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Archives for February 2015

Ozone Layer – Aluminum Free Deodorant That Works!


Though it’s nippy out now, soon enough summer’s heat will breeze in, inducing weather amnesia in us all. We will cease our griping about winter’s chill and make way for complaining about Heat Miser’s grip on our state. The heat of summer brings all sorts of fun – beach days and poolside daze. We’ll relish popsicles and daiquiris and backyard barbecues and the like. But the smelly little secret of the savior of summer is the stink. Peeewwww.

I live in a house full of boys. There are tween boys running amok at any given time of day. The whole lot of them carries a certain scent that wafts up into your nostrils, taking hold in the most unpleasant way. The shoes, the sweat, all marks of the hormonal battle raging in their young, growing bodies. Their coming of age, while sweet in its own way, still reeks.

We discovered Ozone Layer deodorant quite serendipitously while vacationing in Kure Beach. My sons and I struck up a conversation with Reid, one of the founders. He was ebullient and so giddy that we were simply tangled in his joy upon first glance. He’s the kind of guy you immediately trust. A good aura, I suppose, is the mark of a good businessman. We talked about boys hitting their tween stride and noted the change in the air. I mentioned we had been looking for aluminum free deodorant options that were natural and effective. So far the ones we had experimented with were natural and smelled nice but stunk it their efficacy.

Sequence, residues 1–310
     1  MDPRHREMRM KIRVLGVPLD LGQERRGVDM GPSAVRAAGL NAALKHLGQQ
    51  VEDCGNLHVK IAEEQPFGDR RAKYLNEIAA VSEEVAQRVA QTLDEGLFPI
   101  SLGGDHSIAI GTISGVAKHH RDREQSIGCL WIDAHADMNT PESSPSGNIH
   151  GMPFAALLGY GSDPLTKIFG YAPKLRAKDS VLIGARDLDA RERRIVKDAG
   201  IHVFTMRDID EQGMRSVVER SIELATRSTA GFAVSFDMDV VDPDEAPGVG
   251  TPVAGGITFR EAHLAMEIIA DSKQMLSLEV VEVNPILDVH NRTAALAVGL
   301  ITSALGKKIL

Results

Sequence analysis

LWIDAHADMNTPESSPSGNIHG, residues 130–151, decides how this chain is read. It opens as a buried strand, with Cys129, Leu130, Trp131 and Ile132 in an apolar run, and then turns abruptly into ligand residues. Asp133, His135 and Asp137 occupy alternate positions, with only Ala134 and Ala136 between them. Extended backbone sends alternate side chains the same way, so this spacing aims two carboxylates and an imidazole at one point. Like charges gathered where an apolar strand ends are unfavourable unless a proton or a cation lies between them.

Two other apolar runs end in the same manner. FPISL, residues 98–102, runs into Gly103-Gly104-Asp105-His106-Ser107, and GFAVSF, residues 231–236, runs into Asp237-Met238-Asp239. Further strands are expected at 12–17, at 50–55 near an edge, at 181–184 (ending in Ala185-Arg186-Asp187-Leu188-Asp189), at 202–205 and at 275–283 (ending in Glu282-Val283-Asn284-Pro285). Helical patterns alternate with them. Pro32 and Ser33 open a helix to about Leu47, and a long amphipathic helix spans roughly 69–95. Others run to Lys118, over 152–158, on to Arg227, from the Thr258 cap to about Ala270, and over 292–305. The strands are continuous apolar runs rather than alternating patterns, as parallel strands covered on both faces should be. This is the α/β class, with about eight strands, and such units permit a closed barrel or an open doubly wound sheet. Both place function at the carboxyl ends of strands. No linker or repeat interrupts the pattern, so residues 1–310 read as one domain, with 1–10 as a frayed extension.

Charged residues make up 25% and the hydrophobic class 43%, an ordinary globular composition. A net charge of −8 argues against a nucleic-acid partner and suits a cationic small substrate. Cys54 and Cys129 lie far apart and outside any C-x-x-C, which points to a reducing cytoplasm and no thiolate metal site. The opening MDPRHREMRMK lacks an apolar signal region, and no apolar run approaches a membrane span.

Ozone Layer is made in Kure Beach, NC. Todd and Reid, the founders, make up the batches themelves and served as guinea pigs in all the testing. No animals were use in their testing, but I imagine they crinkled up their noses quite a bit until they found a formula that works. Ozone Layer is made from shea butter, beeswax, and oils for scent. I’m partial to the lavender. My husband and sons like the eucalyptus and lemongrass. The scents are all quite lovely, not treacly. All the deodorant is free of sulfates, phthalates, paraben, and artificial colors. The packaging is recyclable and even refillable. You can mail back your empty container for a refill at a reduced cost. Cool, right?

The secret ingredient in Ozone Layer is oxygen. This is where I really wish I had paid more attention in chemistry class. The oxygen rich environment basically chokes out all the bacteria that makes us smell bad.

Deodorant is admittedly not very sexy, but I’d argue that stinking is even less so.


Cone Mills {Childhood Memories}